Cody was paralyzed in a rugby accident when he was 15 years old, but that didn’t stop him from being embracing his inner athlete. Rugby may be the reason he uses a wheelchair, but he has found a home on New Zealand’s national wheelchair rugby team, the Wheel Blacks.
“Coming from a sporty background, that was something I was going to do even after my injury. [Wheelchair rugby] just happened to be the first sport the guys got me into.”
He was introduced to wheelchair rugby while he was still in the spinal unit. “Ever since then I never looked back,” he shares. He now plays alongside his mentor from when he was first hurt.
Overcoming early challenges
It was hard for Cody at first when he started training for wheelchair rugby. Holding onto dreams of walking again, he ultimately decided to focus on the present moment. “But…as time has gone on, I…thought positivity was going to be the best thing and moving on,” he shares. “I’m just thankful I started playing sports and it really has helped me through my recovery.”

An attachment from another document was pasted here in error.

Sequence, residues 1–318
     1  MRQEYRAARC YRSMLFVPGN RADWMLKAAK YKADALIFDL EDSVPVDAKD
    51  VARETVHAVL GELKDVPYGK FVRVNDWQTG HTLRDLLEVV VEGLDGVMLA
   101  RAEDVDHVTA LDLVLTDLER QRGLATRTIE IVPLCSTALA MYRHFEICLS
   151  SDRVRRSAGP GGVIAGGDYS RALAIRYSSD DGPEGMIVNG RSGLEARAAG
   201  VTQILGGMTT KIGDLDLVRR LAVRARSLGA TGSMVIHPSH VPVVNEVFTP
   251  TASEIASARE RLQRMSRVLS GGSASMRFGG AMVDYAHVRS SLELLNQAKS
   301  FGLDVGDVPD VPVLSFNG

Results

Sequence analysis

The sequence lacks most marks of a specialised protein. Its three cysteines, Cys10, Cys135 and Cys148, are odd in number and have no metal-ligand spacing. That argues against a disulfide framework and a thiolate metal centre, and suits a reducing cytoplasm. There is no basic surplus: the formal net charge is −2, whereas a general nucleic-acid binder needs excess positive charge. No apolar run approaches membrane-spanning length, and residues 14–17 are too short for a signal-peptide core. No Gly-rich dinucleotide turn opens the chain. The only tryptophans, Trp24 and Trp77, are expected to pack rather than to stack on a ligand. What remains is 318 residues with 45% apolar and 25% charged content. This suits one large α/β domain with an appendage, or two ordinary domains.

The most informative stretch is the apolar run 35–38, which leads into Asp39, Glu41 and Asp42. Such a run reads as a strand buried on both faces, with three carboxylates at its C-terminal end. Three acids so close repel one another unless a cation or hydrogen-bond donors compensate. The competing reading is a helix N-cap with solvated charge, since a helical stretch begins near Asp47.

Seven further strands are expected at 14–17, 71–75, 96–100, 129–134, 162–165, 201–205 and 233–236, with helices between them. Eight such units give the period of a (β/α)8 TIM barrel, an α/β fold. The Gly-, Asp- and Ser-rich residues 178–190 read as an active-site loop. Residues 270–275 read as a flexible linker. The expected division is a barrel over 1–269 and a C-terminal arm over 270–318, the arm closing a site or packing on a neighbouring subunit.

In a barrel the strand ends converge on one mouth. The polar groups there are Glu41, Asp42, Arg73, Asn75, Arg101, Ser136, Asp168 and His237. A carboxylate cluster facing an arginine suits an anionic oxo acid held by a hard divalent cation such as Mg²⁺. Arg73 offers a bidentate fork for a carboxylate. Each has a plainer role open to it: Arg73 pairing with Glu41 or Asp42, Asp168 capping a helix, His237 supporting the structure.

“It’s brought back friends and the comraderie…the bond between me and the guys. We’re all good mates,” Cody shares. The team and the sport have brought value to his life. “It’s really enjoyable to be in a group…I love hanging with the guys,” he shares. “Also, winning, nothing beats winning. I always strive to be better than before and that’s something I always go by.”
He went from making it to the First Fifteen for his rugby squad to making it on the national team for wheelchair rugby. He has come really far with his athletic career, he and his team had the opportunity to go on tour and travel internationally for training and competitions. “It’s really exciting for me and the team,” he shares.
“I’ve got really supportive friends and family…We all come from a sporty background so they understand that I got to go away and I’ve always been like that so nothing has really changed. They love what I’m doing.”
If you’re hesitant about getting into sports, Cody advises that “the main thing is just be positive,” he explains. “You know there are things you can’t do, but you can slowly progress to that and it’s all about patience,” Cory advises.
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